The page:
Pears have been a popular fruit since ancient times, but the medieval scholar Alexander Neckam raised some warnings about the eating this food (especially without wine).
Like people today, those who lived in the Middle Ages were eager to know the health benefits or drawbacks from the foods they are – many foods were noted for their medicinal qualities too. So it is not surprising that the English scholar and abbot Alexander Neckam might have something to say about certain foods when he wrote his De naturis rerum around the year 1190. This work on natural science included this section on pears:
It is usually asked why pears are harmful unless they are digested with wine. In fact, pears are hard in substance, resist digestion, and have a cold complexion. Thus, if one drinks cold water after eating pears, their coldness, which opposes digestive action, will increase, and for that reason the crude and gross humors are generated from which many illnesses arise. Therefore, they ought to be taken with wine, so that the heat of the wine may temper their coldness. And it should be observed that all soft fruits, such as cherries, mulberries, grapes, and even apples and the like, ought to be taken on an empty stomach, and not after food. For they are easily softened because of their suitability, are soon broken into pieces, and are dissolved into vapor. But pears and quinces, which have a laxative effect because of their weight if they are eaten after food, cause constipation if they are eaten before food.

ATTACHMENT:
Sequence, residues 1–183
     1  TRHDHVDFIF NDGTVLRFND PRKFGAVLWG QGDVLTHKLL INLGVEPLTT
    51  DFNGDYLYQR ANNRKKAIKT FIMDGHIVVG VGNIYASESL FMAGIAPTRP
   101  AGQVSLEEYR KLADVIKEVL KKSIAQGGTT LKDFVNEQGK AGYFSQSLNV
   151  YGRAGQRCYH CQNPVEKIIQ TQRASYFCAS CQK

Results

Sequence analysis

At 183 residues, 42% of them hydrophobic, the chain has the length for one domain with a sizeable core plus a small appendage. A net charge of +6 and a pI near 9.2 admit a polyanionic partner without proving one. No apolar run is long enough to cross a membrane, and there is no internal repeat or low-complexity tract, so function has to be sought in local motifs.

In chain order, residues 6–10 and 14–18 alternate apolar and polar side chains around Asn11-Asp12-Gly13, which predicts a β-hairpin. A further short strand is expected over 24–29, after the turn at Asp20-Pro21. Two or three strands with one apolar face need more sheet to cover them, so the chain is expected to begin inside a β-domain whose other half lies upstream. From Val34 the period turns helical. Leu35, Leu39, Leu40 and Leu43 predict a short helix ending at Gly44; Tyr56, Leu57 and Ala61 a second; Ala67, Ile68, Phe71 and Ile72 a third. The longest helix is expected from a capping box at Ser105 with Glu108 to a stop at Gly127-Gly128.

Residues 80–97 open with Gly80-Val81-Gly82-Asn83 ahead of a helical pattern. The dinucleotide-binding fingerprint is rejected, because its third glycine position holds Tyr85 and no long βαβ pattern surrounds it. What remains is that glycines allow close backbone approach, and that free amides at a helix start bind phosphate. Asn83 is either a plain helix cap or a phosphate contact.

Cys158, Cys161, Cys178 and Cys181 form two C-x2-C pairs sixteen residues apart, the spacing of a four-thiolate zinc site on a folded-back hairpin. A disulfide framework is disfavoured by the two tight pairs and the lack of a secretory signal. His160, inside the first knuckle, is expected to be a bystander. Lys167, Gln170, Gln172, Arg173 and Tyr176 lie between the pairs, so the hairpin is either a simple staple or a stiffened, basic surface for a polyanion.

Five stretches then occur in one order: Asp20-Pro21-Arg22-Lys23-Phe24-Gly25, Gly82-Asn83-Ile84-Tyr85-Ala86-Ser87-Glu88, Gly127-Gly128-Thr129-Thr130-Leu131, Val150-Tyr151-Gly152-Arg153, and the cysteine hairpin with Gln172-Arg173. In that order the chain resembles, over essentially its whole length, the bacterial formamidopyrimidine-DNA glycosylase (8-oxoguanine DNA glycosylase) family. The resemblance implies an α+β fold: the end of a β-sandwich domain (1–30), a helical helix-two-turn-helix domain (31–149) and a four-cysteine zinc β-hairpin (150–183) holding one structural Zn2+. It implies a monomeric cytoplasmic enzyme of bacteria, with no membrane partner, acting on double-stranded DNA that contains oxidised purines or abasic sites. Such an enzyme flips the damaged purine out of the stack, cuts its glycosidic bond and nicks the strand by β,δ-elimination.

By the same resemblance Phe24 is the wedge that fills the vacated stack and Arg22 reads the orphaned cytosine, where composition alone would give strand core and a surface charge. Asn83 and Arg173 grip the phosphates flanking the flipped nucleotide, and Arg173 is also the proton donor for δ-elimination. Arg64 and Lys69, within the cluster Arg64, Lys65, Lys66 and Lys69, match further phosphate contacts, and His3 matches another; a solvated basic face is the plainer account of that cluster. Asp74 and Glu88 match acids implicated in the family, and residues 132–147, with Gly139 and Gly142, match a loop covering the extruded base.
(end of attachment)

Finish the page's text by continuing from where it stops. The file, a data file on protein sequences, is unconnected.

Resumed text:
Despite Alexander’s warning, pears have continued to be eaten all over the world, with hundreds of varieties being grown and consumed.